1 NOVEMBER 1884, Page 13


[To THE EDITOR OF THE " SPECTATOR."] SIR,—In your current issue yon say, in an editorial note to a letter on " Woman Suffrage," that "the indirect representation of women through men is a far more effective and complete representation than they would obtain in any other way." You have here touched, I think, the real crux of the controversy, and I should much like to see the matter debated on this simple issue. In my judgment, women may be said fairly enough to be "indirectly represented" by men on many questions, but by no means on all questions, nor on those of which it is of the most vital importance to them to be represented. My attention, for example, has long been directed to the frightful wrongs of the poor women in the manufacturing towns, who (as I have proved from the Judicial Statistics and Reports of Chief Con- stables) were subjected at the rate of about four a day to aggra- vated assaults from their husbands,—that is to say, not to ordinary blows or rough usage, but to such injuries as maiming, blinding, being thrown on the fire, or trampled on by a man in iron-shod shoes. Will it be contended that when the husbands of these helpless creatures are given votes by the new Franchise Bill the interests of these women will be represented, either directly or indirectly, by these men ? Nay, have not we happier women, whose hearts burn for our poor sisters, some reason to say that the political disabilities under which our whole sex labour, though a light burden to us, press down more and more heavily through the lower strata of society in growing deconeideration and contempt, till, at the lowest, it exposes women to an order of insults and wrongs which are never inflicted by equals upon equals, and can only be paralleled by the oppressions of a dominant caste or race -over helots ? The Negroes in America were subjected to just such brutalities and cruelties till they were enfranchised, and now they are heard of no more.

You have, Sir (in your article on "Mr. Trevelyan "), observed most justly that " no good-will on the part of statesmen is enough effectively to fix the attention of the Legislature on the miseries of the unrepresented." In the case of the poor women for whom I plead, I ask,—Will not any benevolent statesman in future who may wish to relieve them, find himself confronted by the fact that they are not merely unrepresented, but misrepresented ? The only legislation which has done anything to protect these hapless creatures for years back, the Act of 1878 (41 Vic., c. 19), by which they are enabled to obtain Separation Orders, is due to the House of Lords, through which it was passed by the authority of Lord Penzance. Afterwards it was slipped hastily late one night through the Commons.

May I beg of you, in conclusion, a personal favour ? A speech of mine on Women Suffrage, delivered last summer at the Westminster Palace Hotel, was absurdly misreported by the morning papers, but I thought the matter of too little con- sequence to the public to ask at the time for permission to rectify the error. The words put in my mouth by the facetious reporter seem, however, to have become quite a part of the stock-in-trade of our opponents, and have even received the honour of quotation from M. Max O'Rell. It therefore seems time that I should put the matter straight, if you will be so good as to permit me to do so in the Spectator. The little incident was as follows, as all who were present no doubt can testify :- Mr. Stausfeld, speaking from the chair, had expressed a hope that we women would not be discouraged by defeat, but would " fight harder than ever." In rising to speak after him, I observed that our honoured friend had recommended us to fight harder than ever, but that I wished he had indicated how we -could do so. "I cannot" (I said, laughing, and holding out my hands in a helpless attitude), " I cannot pull down the Park palings, and I do not think it wise to refuse to pay our taxes." After this, I proceeded to speak of our Parliamentary tactics, and was, as 'you may suppose, not a little surprised to read next morning in the Standard,—" Miss Cobbe regretted that she could not pull down the Park palings !"—I am, Sir, &c.,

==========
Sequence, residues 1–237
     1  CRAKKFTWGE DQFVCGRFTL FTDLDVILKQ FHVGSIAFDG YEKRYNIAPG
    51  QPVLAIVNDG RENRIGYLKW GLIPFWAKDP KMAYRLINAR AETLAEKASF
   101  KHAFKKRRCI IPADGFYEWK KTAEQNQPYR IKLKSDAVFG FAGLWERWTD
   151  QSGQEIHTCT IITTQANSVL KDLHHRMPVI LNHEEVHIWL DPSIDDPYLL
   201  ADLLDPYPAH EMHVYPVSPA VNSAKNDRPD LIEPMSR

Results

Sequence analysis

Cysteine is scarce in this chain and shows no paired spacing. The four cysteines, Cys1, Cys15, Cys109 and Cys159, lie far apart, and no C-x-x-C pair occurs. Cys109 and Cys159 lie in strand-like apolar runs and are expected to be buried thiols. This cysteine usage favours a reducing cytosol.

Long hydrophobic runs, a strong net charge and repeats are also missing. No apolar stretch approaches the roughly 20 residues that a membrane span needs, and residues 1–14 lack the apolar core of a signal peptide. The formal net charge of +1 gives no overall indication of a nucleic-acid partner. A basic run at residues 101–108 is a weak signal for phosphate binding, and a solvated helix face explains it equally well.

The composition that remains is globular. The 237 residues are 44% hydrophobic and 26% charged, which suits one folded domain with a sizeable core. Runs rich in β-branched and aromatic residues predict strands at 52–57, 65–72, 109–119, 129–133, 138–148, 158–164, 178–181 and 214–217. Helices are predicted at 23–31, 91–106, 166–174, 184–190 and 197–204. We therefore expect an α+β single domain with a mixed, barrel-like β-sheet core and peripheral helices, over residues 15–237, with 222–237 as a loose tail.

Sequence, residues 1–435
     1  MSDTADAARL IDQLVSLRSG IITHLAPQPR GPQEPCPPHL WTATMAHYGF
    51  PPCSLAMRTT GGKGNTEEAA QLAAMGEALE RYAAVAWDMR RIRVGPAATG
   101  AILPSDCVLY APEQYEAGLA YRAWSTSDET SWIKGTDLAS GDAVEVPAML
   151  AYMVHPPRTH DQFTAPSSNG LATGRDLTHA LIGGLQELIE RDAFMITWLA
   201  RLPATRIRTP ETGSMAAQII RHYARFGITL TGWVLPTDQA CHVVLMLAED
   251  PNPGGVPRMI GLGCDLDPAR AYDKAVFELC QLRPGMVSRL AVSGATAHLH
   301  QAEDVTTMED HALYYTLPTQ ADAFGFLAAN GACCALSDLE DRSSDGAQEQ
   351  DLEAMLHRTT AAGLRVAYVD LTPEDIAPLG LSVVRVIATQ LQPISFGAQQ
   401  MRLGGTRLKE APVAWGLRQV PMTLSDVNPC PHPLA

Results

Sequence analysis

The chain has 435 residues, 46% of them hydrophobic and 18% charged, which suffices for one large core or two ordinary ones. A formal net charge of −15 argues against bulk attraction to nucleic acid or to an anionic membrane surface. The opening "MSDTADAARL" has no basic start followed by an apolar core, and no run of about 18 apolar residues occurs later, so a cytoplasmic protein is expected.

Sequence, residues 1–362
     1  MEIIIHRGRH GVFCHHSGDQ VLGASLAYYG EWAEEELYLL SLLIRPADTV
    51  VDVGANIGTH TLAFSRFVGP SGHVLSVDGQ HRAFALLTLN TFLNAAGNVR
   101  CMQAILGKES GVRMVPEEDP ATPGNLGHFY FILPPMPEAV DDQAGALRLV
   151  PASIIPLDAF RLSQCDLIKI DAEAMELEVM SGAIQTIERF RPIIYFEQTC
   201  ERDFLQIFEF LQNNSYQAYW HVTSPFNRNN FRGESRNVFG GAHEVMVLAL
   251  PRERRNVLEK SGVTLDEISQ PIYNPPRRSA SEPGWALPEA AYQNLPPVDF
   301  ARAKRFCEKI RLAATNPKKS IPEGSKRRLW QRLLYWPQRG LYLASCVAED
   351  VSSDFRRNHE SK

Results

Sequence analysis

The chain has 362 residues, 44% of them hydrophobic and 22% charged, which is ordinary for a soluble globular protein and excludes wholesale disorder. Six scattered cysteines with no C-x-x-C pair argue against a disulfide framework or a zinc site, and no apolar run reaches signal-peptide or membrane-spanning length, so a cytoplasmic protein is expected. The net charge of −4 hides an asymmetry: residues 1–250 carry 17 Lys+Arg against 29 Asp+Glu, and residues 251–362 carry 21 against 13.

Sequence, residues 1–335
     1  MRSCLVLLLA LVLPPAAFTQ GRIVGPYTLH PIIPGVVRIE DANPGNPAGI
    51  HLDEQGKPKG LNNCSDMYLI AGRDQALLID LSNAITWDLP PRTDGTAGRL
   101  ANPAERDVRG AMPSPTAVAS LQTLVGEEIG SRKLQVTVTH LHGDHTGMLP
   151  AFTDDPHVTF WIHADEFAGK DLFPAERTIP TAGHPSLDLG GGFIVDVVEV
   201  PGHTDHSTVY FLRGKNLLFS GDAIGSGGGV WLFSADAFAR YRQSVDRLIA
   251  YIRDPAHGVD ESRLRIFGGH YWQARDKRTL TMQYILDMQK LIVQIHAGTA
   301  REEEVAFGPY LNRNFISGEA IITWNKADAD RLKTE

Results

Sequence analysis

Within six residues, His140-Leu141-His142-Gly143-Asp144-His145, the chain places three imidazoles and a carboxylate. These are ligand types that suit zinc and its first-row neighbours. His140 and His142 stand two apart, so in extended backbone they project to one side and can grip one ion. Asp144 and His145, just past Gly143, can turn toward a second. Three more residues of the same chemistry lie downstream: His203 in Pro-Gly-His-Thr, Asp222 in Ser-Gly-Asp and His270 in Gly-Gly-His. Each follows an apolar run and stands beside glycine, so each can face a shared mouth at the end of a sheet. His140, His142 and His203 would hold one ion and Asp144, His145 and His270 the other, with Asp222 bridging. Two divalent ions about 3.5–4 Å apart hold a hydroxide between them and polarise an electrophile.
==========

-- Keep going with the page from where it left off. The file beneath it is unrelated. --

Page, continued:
Hengwrt, Dolgelly, October 28th.

[If wife-beating is not put down by men's votes, it certainly sever will be by women's. We have far oftener heard protests against interfering between husband and wife in such cases from women than from men. Of course, such suffering wives as our correspondent speaks of, are not represented by their own brutal husbands, but are they not represented by decent husbands all over the kingdom F—En. Spectator.]